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View Full Version : Is this the end for net neutrality in the UK?



Tomatz
July 17th, 2008, 10:13 AM
At first glance this news from the UK ISP BT looks great. They are going to invest 1.5bn into a new 60mbps fiber optic network but when you look at the "fine print" that i have highlighted in red, things don't look so rosy. In fact what they are basically saying is that they should be able to charge customers for different services. Effectivly carving the internet up into smaller more lucrative pieces.

http://news.bbc.co.uk/1/hi/business/7506742.stm



BT to pump 1.5bn into broadband cables


BT plans to plug some homes straight into the fibre-optic network

BT is to invest 1.5bn in fibre optic cables, giving up to 10 million UK households access to faster broadband.

The plans would bring 40% of homes in reach of an ultra-fast service by 2012. BT is also planning to put fibre-optic cable into about 1 million homes, making the service even faster for those customers.

However, the communications group has made clear it will only make the move if regulator Ofcom allows it to get a decent return on that investment.

Remaining customers would be offered broadband speeds of between 40 and 60 megabits a second (mbps), it said.

In order to pay for the project BT has said it will suspend its 2.5bn share buy-back programme in July - by which time it will have returned more than 1.8bn.

'New chapter'

"Broadband has boosted the UK economy and is now an essential part of our customers' lives," said BT chief executive Ian Livingston.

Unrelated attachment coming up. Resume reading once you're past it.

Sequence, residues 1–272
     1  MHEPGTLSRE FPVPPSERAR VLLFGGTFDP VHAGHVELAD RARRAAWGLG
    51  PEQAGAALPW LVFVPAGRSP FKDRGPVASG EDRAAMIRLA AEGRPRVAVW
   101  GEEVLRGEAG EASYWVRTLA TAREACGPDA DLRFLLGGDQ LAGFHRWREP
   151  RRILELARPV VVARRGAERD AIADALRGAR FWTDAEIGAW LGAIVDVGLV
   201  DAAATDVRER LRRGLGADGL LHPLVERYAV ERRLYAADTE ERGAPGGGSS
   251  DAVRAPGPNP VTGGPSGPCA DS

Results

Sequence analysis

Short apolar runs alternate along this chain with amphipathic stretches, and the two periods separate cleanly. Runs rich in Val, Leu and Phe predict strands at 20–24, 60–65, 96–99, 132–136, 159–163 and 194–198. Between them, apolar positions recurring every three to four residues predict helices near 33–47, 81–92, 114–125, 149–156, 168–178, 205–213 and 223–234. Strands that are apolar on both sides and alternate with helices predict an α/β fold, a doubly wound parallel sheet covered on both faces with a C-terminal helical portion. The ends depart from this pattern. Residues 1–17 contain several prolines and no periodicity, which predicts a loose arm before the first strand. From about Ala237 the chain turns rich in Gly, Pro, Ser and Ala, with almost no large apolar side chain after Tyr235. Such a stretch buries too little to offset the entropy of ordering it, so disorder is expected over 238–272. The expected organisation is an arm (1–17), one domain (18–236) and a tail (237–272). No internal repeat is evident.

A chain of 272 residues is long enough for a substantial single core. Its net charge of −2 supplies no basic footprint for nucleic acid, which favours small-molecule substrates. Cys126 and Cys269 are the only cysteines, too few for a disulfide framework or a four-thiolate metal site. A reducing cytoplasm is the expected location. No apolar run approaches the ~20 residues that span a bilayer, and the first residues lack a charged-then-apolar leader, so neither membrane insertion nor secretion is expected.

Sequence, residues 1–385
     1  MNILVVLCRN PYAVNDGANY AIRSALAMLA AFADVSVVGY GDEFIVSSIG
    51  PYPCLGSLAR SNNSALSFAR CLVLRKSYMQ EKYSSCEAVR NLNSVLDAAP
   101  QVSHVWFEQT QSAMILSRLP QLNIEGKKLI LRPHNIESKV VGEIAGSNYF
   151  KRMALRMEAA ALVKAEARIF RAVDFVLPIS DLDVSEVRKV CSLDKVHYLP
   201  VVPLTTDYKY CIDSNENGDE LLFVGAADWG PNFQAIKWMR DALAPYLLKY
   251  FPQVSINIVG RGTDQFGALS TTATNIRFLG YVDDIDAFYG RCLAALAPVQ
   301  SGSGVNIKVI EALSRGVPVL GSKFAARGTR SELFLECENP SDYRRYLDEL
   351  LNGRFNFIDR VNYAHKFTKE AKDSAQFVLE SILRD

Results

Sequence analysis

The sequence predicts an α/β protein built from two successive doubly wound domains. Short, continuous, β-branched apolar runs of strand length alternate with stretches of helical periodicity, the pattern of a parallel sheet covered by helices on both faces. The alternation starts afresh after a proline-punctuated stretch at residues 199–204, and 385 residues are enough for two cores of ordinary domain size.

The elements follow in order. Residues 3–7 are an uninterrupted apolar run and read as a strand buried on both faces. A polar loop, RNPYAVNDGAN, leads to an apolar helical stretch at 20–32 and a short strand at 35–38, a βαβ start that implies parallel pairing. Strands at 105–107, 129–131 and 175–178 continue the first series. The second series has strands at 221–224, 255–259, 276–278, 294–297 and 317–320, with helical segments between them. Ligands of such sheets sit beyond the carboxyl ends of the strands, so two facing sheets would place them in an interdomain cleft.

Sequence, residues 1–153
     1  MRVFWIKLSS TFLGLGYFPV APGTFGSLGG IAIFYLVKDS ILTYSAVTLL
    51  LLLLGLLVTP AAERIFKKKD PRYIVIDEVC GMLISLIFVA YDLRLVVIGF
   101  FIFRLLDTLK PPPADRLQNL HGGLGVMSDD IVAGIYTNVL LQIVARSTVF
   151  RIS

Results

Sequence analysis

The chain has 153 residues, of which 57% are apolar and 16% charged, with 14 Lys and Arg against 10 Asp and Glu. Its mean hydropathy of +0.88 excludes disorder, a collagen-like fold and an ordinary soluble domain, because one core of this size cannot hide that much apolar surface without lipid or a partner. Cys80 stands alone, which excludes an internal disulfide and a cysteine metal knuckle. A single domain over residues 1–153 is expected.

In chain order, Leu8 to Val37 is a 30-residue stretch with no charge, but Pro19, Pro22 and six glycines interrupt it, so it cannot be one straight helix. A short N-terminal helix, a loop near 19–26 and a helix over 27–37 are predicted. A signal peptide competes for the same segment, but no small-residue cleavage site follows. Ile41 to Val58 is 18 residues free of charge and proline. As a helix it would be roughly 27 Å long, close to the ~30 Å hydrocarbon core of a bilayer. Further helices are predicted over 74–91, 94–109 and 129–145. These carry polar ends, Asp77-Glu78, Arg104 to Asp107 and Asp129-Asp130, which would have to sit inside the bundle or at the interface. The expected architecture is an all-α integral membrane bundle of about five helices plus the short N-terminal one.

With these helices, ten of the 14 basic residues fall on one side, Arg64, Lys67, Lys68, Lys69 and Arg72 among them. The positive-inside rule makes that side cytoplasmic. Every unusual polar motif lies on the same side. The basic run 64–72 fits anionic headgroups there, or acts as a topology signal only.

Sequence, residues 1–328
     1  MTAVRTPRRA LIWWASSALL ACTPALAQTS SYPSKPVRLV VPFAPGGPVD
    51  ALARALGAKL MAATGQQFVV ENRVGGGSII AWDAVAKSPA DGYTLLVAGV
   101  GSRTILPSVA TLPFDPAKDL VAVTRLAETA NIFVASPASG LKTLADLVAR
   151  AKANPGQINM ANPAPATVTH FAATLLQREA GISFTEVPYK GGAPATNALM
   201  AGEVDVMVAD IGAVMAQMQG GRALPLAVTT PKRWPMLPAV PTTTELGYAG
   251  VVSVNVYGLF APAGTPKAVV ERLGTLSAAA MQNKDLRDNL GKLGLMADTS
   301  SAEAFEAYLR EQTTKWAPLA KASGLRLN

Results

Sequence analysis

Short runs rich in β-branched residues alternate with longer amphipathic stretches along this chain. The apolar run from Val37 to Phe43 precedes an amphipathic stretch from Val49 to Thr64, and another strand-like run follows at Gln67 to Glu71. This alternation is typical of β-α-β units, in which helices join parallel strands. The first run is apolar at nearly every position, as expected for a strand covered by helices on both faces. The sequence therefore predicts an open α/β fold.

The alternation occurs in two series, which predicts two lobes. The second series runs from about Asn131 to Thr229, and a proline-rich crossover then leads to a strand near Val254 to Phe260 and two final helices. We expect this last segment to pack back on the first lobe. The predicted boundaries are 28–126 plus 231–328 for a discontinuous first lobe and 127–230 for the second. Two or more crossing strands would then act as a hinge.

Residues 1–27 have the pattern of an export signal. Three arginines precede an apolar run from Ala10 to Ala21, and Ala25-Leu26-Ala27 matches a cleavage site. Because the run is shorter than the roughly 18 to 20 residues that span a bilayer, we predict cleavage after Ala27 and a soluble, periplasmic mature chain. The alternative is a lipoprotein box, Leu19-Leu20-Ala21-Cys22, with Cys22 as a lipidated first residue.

It looks as though this could be the moment broadband enthusiasts have been crying out for
Rory Cellan-Jones, BBC News technology correspondent

Read Rory's thoughts in full

"We now want to make a step-change in broadband provision which will offer faster speeds than ever before. This marks the beginning of a new chapter in Britain's broadband story."

But the firm has warned that conditions need to be right for its investment.

BT has urged Ofcom to nurture a "supportive and enduring regulatory environment" which includes removing current barriers to investment and making sure that anyone who chooses to invest in fibre optics can earn a fair rate of return for their shareholders.

A spokesman for the firm said BT hoped to discuss updating its current universal service obligation with the watchdog.

Under current rules BT must provide a copper connection to all homes, however, the firm says this is out of date and unnecessary for updated services based on a fibre-optic connection.

BT's rival Virgin Media already uses fibre-optic cables, which are faster than BT's copper lines, although the final connection to the home user is done with traditional coaxial cable.

Meanwhile, other BT competitors including Carphone Warehouse and BSkyB are switching clients to their own networks so they do not have to rent copper lines from BT Wholesale.

Better returns

BT's spokesman also added that the business would be hoping to get a better return on its fibre operations as it would represent a riskier investment.

"At present we are allowed a 10% return on the capital put into our Open Reach service, we would be looking for more than that," he added.

Britain has been slower to invest in fast broadband than some countries, with BT in particular cautious about spending the large sums involved.

The group's plans should enable homes to run so-called "multiple bandwidth-hungry applications" which would enable some family members to watch high definition movies while others were gaming or working on complex graphics projects.